International payment methods – which is best for you?
6 min read
05 March 2014
When you're exporting and doing business internationally, what is the preferred way to perform international payments? Here is a guide to help you work out what's best for your business.
Every business knows how important it is to take care of its money and, where payments are concerned, it’s vital to make sure everything is done as securely as possible.
But when you’re trying to send funds to suppliers dotted all over the world, choosing a method of payment that protects your interests without being costly can be a difficult balancing act.
There are plenty of options available, and it’s worth exploring all of them before deciding upon the one that will best suit your needs. Whatever you decide, do make sure you stick to an established payment channel with a provider you know and trust – any supplier that insists on being paid in an unconventional manner should be a cause for concern.
Perhaps the simplest way of paying overseas suppliers is by wire transfer – the process of electronically transferring funds from your business bank account into that of a supplier. This falls into the same category as standard credit or debit card payments in that both are classed as “cash-in-advance” methods – with a few clicks on a screen, funds are sent quickly to recipients anywhere in the world.
On the one hand, individual PIN numbers for authorised individuals make it easier to root out fraud, and cash-in-advance payments have a high level of traceability. That said, it’s impossible to stop a payment after it’s been made and it can be difficult to get them back if something goes wrong. In addition, businesses should never take the phrase “cash-in-advance” literally – upfront payments will upset cashflow while offering no protection against non-delivery.
Using a credit note (or letter of credit) is one of the safest ways to make payment. Essentially, a buyer reaches an agreement with a bank to obtain credit. The bank then agrees to pay the supplier on the proviso that the terms of the credit note have been met, once this has been verified by checking all of the relevant documentation.
In many ways this balances the risks of buyers and suppliers, which is why credit notes prove so popular – sellers know they will be paid for delivering the goods, while a buyer is more confident they will receive them. However, this can be costly by the time interest and other expenses mount up, and suppliers will need to produce a lot of paperwork before they receive any funds.
Sellers send a demand for payment in the form of a draft or something similar through their bank to that used by the buyer, sending all the shipping documents related to the transaction with it. The bank then gives those papers to the buyer when they receive a promise of payment or payment in full – but if the buyer defaults, it is under no obligation to pay the seller’s bank.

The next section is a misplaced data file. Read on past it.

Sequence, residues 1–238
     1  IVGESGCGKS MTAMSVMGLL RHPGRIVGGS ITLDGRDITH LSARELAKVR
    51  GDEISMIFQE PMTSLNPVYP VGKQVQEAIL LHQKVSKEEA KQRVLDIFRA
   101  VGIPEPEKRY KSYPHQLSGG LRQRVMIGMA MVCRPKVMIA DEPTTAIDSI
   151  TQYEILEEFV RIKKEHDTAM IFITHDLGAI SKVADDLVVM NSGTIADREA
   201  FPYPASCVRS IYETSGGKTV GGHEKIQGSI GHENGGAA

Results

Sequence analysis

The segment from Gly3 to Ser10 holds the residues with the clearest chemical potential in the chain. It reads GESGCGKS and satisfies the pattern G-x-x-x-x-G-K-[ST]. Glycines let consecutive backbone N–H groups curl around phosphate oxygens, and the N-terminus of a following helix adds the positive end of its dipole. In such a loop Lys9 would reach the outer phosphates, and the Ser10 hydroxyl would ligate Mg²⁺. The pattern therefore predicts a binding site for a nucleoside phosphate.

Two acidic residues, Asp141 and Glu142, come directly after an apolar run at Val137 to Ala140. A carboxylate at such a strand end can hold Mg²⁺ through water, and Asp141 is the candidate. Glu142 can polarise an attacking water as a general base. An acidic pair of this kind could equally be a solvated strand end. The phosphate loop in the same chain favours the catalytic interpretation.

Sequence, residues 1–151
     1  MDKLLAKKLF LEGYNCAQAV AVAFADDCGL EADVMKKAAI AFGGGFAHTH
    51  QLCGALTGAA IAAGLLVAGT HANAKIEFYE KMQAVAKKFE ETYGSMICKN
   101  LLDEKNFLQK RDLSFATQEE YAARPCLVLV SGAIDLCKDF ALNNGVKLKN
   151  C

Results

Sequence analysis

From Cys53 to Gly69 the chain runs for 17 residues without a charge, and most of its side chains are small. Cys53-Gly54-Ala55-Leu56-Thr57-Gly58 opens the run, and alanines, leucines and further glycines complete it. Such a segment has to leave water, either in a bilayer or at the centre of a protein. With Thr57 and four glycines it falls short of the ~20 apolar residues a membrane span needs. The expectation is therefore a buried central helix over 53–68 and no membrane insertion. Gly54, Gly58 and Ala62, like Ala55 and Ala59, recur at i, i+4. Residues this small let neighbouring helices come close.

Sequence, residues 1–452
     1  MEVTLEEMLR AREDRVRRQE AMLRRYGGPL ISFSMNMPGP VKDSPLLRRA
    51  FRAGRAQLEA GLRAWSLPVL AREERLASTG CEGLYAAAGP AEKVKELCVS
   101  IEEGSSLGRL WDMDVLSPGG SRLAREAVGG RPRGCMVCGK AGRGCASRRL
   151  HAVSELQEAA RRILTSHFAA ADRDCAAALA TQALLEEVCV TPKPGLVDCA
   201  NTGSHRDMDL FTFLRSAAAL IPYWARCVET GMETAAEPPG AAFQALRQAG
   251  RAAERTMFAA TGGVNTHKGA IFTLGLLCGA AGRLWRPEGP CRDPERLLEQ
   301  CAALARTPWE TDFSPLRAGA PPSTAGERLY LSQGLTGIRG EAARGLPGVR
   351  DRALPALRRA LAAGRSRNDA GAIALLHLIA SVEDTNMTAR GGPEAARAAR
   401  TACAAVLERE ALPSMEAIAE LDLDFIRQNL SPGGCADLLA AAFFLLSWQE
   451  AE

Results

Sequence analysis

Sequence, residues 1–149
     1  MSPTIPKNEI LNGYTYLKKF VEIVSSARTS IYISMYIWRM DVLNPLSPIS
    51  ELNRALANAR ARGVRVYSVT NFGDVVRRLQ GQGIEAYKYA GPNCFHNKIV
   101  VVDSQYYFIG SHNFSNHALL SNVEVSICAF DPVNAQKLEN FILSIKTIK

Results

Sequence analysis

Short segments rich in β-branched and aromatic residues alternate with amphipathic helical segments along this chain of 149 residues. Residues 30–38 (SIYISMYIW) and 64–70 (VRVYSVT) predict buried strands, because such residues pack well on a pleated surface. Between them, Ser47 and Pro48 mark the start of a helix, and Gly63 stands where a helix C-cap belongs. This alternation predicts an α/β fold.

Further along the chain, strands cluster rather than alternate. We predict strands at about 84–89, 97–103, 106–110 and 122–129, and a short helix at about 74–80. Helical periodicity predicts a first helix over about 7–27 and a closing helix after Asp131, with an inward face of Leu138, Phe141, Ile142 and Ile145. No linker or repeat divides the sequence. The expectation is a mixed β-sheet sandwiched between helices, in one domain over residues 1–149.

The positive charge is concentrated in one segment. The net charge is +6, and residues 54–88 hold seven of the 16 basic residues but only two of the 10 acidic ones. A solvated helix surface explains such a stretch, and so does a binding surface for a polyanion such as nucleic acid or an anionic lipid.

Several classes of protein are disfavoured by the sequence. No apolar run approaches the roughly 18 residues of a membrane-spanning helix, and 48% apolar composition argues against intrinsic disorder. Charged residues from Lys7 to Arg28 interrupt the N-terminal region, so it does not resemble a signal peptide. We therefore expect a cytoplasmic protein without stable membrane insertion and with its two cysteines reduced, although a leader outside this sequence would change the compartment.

This can often be cheaper than using a credit note and requires no credit facilities. There are no compliance rules either, offering plenty of freedom for traders. Still, sellers will often balk at having no guarantee of payment from the bank and are often uncomfortable with having no protection against orders being cancelled. Many buyers also prefer to have the financing option that comes with a credit note.
Another alternative is to have payment held in Escrow until the terms of your agreement have been met. Escrow is used at Alibaba.com and essentially, it allows a third party to keep hold of the funds until both buyer and supplier are happy the order has been processed.
The cost is often minimal compared to other payment methods, but it has other benefits. For example, buyers have some protection against non-delivery or fraud because the payment is not made until they have received their purchases. Sellers, meanwhile, have a sign of good faith in which a buyer demonstrates they have the means and intention to pay, as well as confirmation of this from another trusted source.
Due diligence and minimise risks
Whatever option you choose to receive or make payments, there are always things that can go wrong. But by understanding and managing risks, you can avoid many of the problems.
Always check and double check you have the correct payment details, and ensure you are protected if you do not receive your goods or services. Due diligence is the key when money is at stake.
James Hardy is head of Europe at Alibaba.com.